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Saturday, March 22

Administration cautious on how war is perceived

By Jon Frandsen | GNS

WASHINGTON - As the intense bombing of the "shock and awe" phase of the war on Iraq began unfolding, the United States sought to make sure the world knows about the great lengths being taken to avoid civilian casualties.

"The targeting capabilities and the care that goes into targeting to see that the precise targets are struck and that other targets are not struck is as impressive as anything anyone could see," Defense Secretary Donald Rumsfeld told reporters Friday.

While acknowledging that bombing "has to be a terribly unpleasant circumstance" for anyone in Baghdad, Rumsfeld said those on the ground "will have an opportunity to see the precision with which we're going about this task. This is not an attack on the Iraqi people, it's not an attack on the country of Iraq."

Why are Rumsfeld and other administration officials so sensitive about how the attack is perceived?

First and foremost is the possible backlash from world opinion - opinion that was largely against the war even before it started.

"It would be really bad news if the United States was seen as playing fast and loose with civilians while keep their own forces at safe distances," said Rajan Menon of the Council on Foreign Relations.

Of particular concern is any possibility of inflaming what is now being called "the Arab Street" - everyday Muslims in the region, especially in nations with moderate governments that may have a somewhat tenuous hold on power, like Egypt and Saudi Arabia.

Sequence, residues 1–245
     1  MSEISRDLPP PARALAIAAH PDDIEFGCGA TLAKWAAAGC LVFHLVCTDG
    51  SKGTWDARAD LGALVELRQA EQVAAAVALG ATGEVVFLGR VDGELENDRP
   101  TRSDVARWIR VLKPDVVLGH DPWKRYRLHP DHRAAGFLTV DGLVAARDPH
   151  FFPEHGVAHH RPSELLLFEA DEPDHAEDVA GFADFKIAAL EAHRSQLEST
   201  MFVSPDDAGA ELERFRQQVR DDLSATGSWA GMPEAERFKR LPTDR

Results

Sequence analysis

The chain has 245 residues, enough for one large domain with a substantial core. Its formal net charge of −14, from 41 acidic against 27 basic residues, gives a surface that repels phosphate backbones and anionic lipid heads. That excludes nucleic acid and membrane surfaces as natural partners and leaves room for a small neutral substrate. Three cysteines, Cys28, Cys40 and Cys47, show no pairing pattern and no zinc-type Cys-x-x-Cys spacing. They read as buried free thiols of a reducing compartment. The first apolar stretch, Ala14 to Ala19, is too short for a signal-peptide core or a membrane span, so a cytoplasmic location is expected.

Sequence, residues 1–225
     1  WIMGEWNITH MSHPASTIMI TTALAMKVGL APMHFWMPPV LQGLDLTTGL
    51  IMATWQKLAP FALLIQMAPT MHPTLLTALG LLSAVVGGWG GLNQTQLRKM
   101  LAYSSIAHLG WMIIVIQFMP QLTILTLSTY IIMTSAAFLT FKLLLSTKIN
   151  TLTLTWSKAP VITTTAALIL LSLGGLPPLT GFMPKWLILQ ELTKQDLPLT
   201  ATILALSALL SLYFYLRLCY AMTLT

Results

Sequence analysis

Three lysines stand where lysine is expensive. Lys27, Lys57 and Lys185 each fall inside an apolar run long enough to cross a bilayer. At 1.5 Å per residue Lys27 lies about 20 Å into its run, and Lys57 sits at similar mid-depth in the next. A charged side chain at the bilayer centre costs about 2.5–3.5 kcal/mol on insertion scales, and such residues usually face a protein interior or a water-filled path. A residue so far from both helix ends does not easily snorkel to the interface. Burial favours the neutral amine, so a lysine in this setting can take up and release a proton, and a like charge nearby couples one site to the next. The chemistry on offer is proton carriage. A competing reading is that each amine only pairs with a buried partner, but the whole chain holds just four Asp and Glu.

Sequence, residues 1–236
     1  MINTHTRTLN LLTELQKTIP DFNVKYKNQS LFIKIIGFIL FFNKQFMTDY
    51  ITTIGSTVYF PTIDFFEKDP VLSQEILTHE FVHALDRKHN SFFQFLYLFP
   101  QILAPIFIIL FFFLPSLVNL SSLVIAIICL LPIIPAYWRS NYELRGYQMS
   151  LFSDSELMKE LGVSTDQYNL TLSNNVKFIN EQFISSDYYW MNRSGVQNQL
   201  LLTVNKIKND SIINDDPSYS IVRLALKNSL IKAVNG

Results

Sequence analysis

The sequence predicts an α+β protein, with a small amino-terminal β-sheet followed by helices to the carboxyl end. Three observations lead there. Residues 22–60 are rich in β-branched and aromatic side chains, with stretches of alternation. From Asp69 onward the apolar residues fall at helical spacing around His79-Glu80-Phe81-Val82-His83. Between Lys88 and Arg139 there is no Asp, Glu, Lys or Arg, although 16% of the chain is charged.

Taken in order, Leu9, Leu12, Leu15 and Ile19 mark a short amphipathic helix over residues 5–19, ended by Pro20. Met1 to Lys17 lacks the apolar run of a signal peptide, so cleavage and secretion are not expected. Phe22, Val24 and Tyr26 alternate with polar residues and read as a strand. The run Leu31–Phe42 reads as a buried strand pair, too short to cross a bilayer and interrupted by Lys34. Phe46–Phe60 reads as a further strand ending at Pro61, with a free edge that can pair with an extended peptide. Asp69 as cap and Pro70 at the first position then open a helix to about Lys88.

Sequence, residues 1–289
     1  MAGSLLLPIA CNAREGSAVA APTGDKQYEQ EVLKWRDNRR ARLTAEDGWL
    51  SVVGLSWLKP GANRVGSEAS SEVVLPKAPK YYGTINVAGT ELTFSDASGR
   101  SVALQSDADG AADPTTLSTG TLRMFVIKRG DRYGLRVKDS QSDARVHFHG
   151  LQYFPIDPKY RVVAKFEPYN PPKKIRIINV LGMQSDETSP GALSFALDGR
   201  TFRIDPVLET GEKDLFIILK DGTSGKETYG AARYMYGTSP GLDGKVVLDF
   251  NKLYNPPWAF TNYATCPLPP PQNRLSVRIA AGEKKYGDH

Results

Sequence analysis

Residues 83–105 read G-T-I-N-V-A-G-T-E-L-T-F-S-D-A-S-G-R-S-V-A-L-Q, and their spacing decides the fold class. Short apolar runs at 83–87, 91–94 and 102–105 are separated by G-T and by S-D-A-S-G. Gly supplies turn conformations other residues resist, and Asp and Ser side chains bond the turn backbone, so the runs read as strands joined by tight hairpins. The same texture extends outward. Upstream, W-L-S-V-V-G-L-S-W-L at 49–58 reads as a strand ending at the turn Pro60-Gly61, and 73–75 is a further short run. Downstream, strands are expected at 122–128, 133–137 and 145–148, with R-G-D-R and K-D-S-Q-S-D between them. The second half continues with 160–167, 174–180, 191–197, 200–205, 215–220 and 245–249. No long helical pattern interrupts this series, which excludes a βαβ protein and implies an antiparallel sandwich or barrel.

"There would be nothing a bin Laden would like more than a picture of a bombed out mosque or a school or a hospital to mobilize people," Menon added.

The concern about avoiding civilian targets could be seen not just in the almost total reliance on precision bombs, but the strategy of the war so far.

The first two days of bombing were light and surgical, aimed entirely at the top members of the Iraqi regime and military targets, with the hope that Saddam's henchmen would give up and spare the country a broader war. While far more intense, the shock-and-awe campaign is also aimed at military and command and control targets - with the same goal of stepping up pressure until the top leadership collapses or surrenders.

"They are desperate to show that this is not a war against Islam, it is not a war against the people," said Thomas Keaney, the executive director of the Foreign Policy Institute at Johns Hopkins University. "They even are trying to avoid fighting the army, which is something new in a war."

Keaney said another strategy is also evident. Unlike the 1991 Persian Gulf War, the Pentagon is avoiding important infrastructure like power plants, bridges and dams. "The lights are still on in Baghdad," he said.

One reason, he said, was to avoid hardship on ordinary Iraqis as much as possible.

Second, Keaney added, is "the less damage we do, the less damage we have to deal with and pay for after the war."

But Rumsfeld made clear his immediate concern was the impressions being given the world.

Two things made Rumsfeld bridle Friday: the impression given by the constant television pictures of Baghdad aflame and comparisons to the carpet bombing of Vietnam and World War II.

"What we are seeing is not the war in Iraq," he said of the television pictures coming from Baghdad and other parts of Iraq. "What we're seeing are slices of the war in Iraq. We're seeing that particularized perspective that that reporter or that commentator or that television camera happens to be able to see at that moment."

The tonnage of munitions being dropped during the latest campaign may rival those dropped on Hanoi or Dresden, but the weapons have a precision beyond the wildest dreams of military planners fighting the Vietnamese and Germans.

"And it's not a handful of weapons, it's the overwhelming majority of the weapons that have that precision," Rumsfeld said.